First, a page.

Loving the herd life
- Jul 3, 2015
- Reaction score
He's pretty! What breed mix is he? I don't think we'll ever be dog trial material here but if he can make the sheep go where they don't want to go I'm going to call Dooley a winner in my book. He's already proving useful in keeping the chickens out of the carport and from stealing the cat's food....and he's just tiny!
Yeah...I saw that and didn't really like the vids they posted of such behavior towards sheep on their FB site. But, they seem to encourage such rough behavior, calling it "gritty". I call it abuse. I'd never let Dooley behave in that manner and thus far he seems very mild and laid back, easy to correct on any rough play or misbehavior.Cow dogs are harder on sheep sometimes than traditional sheep dogs. Reading about the HTC dogs and their testing on biting heels and noses in cattle seems to show a strong herding reaction which would be really good with cattle that are pretty hard headed. Be careful that Dooly isn't too hard on your sheep, particularly the pregnant ewes and lambs.
Mike and Theresa have herding dogs, and High Desert Cowboy also has a couple herding dogs that he raised and trained from pups.
Mike, what kind of dogs do you have? Got a pic or vid of them working? Did you train them yourself? If so, got any good tips on how to start a pup on basic herding moves with a long line? I'd like to try a few moves with Dooley on chickens, just to get him started and give him confidence, as well as direction, on moving stock.That is a good video and she works pretty close to the way we use our dogs. I never allow teeth on the sheep but it's in their training on cows. I don't let our dogs do what their abilities would let them do since I would rather the sheep will go with me as the dog is lightly pushing them. We only drive so we never do an out run which is really where these dogs excel.
edit to ad that they are more than capable of an out run since trials are what they were originally trained for but they work now more for their confidence than our need.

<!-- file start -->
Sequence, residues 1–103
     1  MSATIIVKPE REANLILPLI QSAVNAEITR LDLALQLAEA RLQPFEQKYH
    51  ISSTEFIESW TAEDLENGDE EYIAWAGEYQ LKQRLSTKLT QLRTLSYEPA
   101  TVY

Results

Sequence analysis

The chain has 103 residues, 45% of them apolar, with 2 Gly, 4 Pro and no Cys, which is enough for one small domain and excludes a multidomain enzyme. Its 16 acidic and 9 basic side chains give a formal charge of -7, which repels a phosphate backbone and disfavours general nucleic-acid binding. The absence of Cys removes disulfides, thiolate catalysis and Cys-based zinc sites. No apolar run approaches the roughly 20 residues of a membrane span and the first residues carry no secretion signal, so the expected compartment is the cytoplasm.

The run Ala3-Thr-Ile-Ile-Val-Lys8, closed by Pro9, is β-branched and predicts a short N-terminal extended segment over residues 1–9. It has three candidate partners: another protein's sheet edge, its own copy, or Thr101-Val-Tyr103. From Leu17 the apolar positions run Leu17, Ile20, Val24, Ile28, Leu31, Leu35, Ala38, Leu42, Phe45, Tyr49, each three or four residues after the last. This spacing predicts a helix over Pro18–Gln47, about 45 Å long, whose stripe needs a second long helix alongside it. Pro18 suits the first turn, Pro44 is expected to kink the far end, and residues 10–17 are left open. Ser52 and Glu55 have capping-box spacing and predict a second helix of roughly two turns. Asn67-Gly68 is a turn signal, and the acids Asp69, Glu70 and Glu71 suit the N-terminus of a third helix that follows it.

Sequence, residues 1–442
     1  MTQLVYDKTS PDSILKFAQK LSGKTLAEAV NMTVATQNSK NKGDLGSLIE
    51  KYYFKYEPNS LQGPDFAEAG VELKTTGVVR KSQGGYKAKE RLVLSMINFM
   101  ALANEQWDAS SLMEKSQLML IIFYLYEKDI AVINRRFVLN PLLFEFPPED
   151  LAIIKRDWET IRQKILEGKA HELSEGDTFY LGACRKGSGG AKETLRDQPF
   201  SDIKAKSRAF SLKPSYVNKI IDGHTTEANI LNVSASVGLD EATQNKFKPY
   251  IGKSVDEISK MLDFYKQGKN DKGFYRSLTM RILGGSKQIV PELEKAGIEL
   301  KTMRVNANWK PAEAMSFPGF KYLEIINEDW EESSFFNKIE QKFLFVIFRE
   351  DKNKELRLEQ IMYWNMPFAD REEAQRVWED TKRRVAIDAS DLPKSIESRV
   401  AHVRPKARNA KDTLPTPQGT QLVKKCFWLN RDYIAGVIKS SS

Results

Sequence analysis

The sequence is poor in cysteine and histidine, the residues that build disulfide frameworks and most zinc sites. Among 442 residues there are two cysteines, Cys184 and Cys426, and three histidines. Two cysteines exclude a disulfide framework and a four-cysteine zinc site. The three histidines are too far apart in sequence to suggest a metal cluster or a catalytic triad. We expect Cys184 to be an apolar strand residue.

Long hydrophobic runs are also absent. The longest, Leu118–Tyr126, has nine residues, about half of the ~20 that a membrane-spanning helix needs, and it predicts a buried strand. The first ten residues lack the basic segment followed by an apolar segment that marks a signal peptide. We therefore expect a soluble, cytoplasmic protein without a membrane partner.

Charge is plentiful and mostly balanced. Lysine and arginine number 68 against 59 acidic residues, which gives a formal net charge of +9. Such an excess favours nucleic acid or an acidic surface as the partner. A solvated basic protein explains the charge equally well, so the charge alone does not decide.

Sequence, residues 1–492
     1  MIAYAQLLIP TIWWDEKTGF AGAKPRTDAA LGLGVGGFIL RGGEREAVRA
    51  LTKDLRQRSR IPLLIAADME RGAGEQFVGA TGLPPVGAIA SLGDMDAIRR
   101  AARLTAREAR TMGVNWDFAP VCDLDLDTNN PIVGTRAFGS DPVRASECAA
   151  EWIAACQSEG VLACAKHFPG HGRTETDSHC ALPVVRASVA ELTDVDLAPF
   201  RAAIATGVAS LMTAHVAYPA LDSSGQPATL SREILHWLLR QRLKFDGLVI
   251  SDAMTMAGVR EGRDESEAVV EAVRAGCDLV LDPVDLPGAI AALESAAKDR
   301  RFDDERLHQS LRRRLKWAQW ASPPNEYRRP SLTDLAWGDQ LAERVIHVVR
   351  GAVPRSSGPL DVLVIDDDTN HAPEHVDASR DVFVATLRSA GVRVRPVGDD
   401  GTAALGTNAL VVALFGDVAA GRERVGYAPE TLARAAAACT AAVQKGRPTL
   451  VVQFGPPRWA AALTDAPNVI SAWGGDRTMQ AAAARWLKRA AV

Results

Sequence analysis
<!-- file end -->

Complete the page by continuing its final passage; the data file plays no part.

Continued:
Sheep dogs and cattle dogs have to work a little differently. For cattle the dogs do need ""grit" since the cows are larger, tougher, and will charge the dogs on occasion. Cattlemen move their cattle faster and need dogs that are tougher on the cattle.That is a good video and she works pretty close to the way we use our dogs. I never allow teeth on the sheep but it's in their training on cows. I don't let our dogs do what their abilities would let them do since I would rather the sheep will go with me as the dog is lightly pushing them. We only drive so we never do an out run which is really where these dogs excel.
That's a toughy....how do you get them to do "lie down" when they are that far away from you? I can get a lie down when there is food to be waited upon and maybe a brief lie down if they are annoying me, but to get a solid lie down and then get them to do it from a distance? Haven't figured out how they do that one and no one is showing it on vids, either.We have an Aussie and a Border Collie but no videos. We got the dogs long before we even thought about getting sheep with the idea that we wanted to do trials. We trained at a farm in upstate South Carolina originally (Bright Lake Farm). I'll look and see if they have any videos up but they are good friends now also. We were started just as you are now with a long line and working on basic commands, working in a fairly small rectangular pen then graduating to a larger round pen. There is no way to offer a lot of advice in this format but if you work on controlling your dog, that is half of the battle. You have to be able to get it to stop when you command or it's a waste of time. The "lie down" command needs to be responded to no matter what else the dog is doing. The guiding commands will follow fairly easy once you can always get the dog to stop.